- Robin Hopper and Judi Dyelle have spent a lifetime cultivating work in clay and a singular masterpiece in British Columbia, the gardens of ‘Chosin Pottery. Photography by Allan Mandell
Just inside ’Chosin Pottery gardens near Victoria, B.C., two ceramic “Mad Dogs” transform broken tree branches into sculpture. Farther along, new plantings bask in sunlight exposed after strong winds felled beloved trees.
As Robin Hopper walks the curved path of his two-and-a-half-acre Asian-inspired gardens, the Chinese expression Wu-wei comes to mind. Natural action. Effortless doing. Hopper has spent more than 50 years with his hands in the earth—both soil and clay—and he’s learned to live in sync with its rhythms.
An internationally recognized studio potter, Hopper says he was only 3 when he became “intoxicated with [clay’s] possibilities.” Reared in England, where in 1961 he graduated from Croydon College of Art, he drew from the inspiration of legendary potters David Leach (Bernard’s oldest son), Michael Cardew and Ray Finch, all of whom he knew personally.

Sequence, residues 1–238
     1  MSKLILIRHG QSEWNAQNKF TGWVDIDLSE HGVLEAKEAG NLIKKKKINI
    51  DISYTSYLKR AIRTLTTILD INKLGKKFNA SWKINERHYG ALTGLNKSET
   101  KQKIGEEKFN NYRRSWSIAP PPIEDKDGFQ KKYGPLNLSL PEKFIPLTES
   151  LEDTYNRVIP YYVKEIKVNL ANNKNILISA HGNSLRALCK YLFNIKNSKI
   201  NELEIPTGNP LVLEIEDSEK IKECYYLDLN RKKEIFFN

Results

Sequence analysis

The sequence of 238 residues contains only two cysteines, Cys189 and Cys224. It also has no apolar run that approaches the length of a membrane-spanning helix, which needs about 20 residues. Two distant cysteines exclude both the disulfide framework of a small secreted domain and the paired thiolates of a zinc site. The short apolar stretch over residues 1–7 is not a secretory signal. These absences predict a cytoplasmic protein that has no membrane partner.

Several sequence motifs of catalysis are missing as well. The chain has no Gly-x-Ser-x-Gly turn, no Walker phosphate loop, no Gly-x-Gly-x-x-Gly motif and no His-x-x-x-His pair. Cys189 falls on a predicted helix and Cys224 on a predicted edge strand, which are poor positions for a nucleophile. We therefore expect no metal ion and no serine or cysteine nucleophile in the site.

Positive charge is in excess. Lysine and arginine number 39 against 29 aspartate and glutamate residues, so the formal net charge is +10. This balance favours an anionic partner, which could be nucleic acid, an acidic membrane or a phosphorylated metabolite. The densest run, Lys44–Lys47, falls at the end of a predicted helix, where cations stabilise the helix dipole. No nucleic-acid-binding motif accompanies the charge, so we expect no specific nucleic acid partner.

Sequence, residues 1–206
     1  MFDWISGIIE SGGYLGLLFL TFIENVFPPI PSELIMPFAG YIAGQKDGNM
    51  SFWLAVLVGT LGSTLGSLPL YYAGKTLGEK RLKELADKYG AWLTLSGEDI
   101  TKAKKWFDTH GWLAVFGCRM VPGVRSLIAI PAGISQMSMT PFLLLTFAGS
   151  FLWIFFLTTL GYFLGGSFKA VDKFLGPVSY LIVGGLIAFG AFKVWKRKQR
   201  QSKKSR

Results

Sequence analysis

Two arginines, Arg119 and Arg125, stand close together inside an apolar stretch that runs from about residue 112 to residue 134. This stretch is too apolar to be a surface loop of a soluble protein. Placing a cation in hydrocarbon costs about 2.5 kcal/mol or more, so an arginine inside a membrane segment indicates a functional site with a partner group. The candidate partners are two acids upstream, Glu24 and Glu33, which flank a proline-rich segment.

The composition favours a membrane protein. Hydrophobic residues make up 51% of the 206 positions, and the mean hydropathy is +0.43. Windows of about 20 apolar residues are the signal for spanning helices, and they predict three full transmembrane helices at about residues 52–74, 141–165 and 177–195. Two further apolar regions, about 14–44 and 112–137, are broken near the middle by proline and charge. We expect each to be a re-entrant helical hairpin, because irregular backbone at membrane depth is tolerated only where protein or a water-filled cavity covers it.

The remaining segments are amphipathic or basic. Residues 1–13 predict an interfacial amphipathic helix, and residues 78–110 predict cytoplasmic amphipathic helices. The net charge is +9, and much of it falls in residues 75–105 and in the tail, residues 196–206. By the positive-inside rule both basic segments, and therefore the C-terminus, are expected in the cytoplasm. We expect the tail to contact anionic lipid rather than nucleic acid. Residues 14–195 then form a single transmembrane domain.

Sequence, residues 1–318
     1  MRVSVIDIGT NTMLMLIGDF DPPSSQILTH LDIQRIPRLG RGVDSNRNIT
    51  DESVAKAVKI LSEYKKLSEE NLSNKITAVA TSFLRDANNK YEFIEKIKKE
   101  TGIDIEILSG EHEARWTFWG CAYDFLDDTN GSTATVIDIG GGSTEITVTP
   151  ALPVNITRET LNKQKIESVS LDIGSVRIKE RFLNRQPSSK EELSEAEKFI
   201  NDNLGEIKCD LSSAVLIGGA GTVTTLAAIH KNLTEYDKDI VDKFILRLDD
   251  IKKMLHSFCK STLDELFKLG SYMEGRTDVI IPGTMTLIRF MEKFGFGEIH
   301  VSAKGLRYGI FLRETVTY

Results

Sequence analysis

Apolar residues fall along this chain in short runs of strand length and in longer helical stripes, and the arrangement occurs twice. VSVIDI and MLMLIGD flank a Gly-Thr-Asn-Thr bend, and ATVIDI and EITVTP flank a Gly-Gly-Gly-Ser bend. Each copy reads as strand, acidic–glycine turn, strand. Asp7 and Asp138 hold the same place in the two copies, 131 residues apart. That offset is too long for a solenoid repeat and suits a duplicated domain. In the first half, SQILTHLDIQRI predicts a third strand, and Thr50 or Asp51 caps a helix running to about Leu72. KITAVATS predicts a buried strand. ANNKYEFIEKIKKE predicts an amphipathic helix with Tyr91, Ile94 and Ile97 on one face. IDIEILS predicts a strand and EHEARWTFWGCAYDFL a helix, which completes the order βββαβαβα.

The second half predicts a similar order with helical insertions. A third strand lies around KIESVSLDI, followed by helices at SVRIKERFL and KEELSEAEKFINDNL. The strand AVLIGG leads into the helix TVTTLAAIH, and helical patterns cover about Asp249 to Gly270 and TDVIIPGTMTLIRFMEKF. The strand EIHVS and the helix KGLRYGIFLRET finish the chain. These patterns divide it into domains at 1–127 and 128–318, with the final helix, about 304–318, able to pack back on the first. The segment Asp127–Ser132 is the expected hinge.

But Hopper is no traditionalist. In 1968, he sailed to Eastern Canada to establish his own reputation. That didn’t take long. By 1977, he was awarded the first Saidye Bronfman Award, Canada’s most prestigious award in fine crafts. Decades of traveling, teaching and perfecting his pottery followed. “I really enjoy functional work,” he says. “It gives me an enormous amount of pleasure to give pleasure to people who use my pottery to enrich their lives.”
The gardens, which Hopper whimsically describes as “Anglojapanadian,” surround the main house with inspired interpretations of the five basic forms of Japanese gardens. The Stroll garden blends into the Scroll garden, which leads to Tsuboniwa—the courtyard or pond garden—and on to the Zen garden.
For more of “Living in Paradise, Playing With Mud,” pick up the June 2009 issue of AmericanStyle today!